It’s intended to be the music version of a book club. There will be some set listening, and then, at the event, we’ll come together to discuss it, all in a relaxed and informal atmosphere. We hope it will give you a chance to debate, discuss and engage with our music in a different way and to learn about it, not just from the hosts of the event (see below) but also from each other.

The event will be led by Dr. Hannah French, who you might have heard recently at one of our pre-concert chats and who also presented BBC Radio 3’s recent programs about us. She’ll be joined by our very own Choir Director Ivars Taurins.

The subject at hand is Bach, and specifically arrangements on his music. During the 80-minute event Hannah and Ivars will be looking at six works, focusing on three themes – Bach the Arranger, Bach the Recycler and Bach the Re-imagined.

As mentioned, this first event is a pilot, to see if the idea works, and if audiences enjoy it. If it does, and you do, then we hope to plan more events for the 2017-18 season, which would, like this first session, all tie into aspects of our season repertoire.

The session is tomorrow, Friday the 21st, at our Trinity-St Paul’s Centre home and tickets are just $25. It’s not too late to join, you’ll just have to make sure you have time to listen to the 6 pieces beforehand!

Find out more / buy tickets 

Against the odds, the show goes on in Antigonish

By Phil Stephens, Interim Associate Director of Philanthropy

Visit St. Francis Xavier University in Antigonish, Nova Scotia, and you’ll find a small performance space named Immaculata Auditorium, said by CBC producers to be one of the best chamber music spaces East of Quebec. One of Canada’s oldest universities, St. Francis Xavier was founded in 1853, and the auditorium itself was built on campus in 1917. Home to performances and community events for the university and the town for a century, Immaculata remains a significant contributor to the arts and the cultural life of Antigonish.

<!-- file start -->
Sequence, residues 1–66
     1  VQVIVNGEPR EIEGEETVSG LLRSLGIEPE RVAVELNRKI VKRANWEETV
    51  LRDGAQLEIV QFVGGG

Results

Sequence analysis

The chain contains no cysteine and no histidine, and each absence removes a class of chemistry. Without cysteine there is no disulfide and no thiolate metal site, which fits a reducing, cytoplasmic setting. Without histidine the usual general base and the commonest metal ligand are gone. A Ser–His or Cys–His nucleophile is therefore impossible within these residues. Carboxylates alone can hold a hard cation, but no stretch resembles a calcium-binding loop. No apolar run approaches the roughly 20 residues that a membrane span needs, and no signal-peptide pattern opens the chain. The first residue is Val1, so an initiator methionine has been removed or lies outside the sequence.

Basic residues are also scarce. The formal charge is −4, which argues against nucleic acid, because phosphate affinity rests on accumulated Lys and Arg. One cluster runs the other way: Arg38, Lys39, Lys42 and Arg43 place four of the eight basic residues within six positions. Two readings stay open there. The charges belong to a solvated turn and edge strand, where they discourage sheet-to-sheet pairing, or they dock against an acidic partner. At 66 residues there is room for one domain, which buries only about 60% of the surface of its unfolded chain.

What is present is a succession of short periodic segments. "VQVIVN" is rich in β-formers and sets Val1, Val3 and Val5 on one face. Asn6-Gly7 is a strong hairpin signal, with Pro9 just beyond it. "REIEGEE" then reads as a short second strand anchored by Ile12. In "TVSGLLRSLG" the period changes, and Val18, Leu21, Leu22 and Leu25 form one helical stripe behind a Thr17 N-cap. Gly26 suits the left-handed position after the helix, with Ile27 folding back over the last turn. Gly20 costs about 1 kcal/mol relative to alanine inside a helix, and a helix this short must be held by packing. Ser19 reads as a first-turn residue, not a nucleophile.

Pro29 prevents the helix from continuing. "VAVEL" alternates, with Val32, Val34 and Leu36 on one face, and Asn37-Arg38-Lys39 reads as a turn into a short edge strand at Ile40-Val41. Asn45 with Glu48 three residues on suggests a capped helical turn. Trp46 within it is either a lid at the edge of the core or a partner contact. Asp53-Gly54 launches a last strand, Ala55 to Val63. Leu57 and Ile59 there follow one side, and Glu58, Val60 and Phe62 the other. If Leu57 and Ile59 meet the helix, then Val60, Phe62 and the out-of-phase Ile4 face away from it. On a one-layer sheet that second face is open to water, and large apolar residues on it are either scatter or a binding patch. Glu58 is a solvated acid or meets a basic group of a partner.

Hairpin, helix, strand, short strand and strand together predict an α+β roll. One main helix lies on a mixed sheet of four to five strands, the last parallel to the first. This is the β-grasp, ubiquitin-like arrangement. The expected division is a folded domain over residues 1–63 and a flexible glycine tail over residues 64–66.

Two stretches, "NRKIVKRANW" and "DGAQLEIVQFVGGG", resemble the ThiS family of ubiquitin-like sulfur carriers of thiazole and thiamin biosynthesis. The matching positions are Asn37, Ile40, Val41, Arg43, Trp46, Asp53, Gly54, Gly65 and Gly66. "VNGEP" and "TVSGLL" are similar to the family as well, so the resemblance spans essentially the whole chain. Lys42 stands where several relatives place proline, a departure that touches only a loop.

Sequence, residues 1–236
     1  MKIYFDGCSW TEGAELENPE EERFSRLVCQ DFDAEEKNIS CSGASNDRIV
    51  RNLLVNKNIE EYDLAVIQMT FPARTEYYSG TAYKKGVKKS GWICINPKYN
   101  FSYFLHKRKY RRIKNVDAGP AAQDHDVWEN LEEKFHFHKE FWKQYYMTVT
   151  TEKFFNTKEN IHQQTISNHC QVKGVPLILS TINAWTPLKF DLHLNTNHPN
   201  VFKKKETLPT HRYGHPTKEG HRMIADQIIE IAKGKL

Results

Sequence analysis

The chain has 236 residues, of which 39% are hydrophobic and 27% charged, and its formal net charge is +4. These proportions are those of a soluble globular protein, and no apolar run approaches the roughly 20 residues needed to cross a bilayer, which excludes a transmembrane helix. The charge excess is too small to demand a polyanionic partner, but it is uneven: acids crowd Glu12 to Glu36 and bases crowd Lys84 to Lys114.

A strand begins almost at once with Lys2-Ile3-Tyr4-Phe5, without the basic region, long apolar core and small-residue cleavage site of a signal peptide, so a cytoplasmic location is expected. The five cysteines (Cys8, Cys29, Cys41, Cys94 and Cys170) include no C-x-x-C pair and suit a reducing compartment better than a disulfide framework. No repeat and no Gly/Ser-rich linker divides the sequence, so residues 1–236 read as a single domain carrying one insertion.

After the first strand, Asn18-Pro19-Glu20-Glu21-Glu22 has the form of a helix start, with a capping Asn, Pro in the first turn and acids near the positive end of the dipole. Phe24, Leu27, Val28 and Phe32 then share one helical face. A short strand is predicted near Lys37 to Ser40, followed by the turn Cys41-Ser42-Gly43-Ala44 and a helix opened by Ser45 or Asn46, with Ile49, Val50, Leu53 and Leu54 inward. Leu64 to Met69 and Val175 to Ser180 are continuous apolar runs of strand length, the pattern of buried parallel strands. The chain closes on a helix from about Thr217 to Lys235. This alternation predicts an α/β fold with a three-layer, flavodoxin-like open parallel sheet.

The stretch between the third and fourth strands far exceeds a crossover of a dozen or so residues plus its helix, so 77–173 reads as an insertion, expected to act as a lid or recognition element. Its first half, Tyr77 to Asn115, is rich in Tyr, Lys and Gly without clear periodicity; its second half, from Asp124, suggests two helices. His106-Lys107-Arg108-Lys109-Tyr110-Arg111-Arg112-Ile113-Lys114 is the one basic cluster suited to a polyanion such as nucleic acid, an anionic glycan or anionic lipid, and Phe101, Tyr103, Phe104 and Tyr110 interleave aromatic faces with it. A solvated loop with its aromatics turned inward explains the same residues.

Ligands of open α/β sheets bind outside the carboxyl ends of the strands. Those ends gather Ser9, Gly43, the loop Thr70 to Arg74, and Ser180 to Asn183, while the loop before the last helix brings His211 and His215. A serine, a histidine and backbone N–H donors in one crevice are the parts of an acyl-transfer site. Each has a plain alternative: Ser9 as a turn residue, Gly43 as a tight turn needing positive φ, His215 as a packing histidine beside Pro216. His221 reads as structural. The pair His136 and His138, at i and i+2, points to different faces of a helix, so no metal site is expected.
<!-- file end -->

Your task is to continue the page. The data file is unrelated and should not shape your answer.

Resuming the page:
Over the past year, the Antigonish Performing Arts Series (APA) staff, who program in the space, learned that the funding base provided by the University since 1973 would be entirely withdrawn, effectively ending the performing arts offered on stage there.

APA responded by launching a fundraising appeal to their subscriber base, with the goal of building the resources required to keep the series running for the 2017/18 Season.

Tafelmusik Baroque Orchestra has played in Immaculata Auditorium as part of the Series in the past, but for our upcoming Eastern Canada tour this fall, it fell off our schedule, for a reason that was not clearly defined during the time that the tour was being built. The rest of the dates filled up, and everything was scheduled out for the orchestra.

Fast forward to March 2017, and the inspiring generosity of the community around APA had successfully raised a phoenix from the ashes, and has bravely embarked on producing one more season in the hall.

Dr. Michael Steinitz

APA Director and St. Francis Xavier physics professor Dr. Michael Steinitz reached out to Tafelmusik’s Director of Artistic Operations and Administration Beth Anderson, with a request to have Tafelmusik participate in a season made possible by the strong bond of community spirit.

“Under normal circumstances, we would have said that the tour was full, but in this case I was touched by their story of resilience and determination. I felt that we could do a lot of good in this situation,” says Beth. “When we approached some of the Tafelmusik musicians (a few of whom will travel with their families) to add one more performance to an already intense tour, their answer was a resounding yes. At this critical moment of re-starting the series, we want to participate in the rally for ongoing support.”

When Dr. Steinitz heard back from Tafelmusik about the decision, his reaction was notable. “YES, YES, YES! We’re flying high since we saw your email, and will do everything to make your stay wonderful. We are very, very excited.”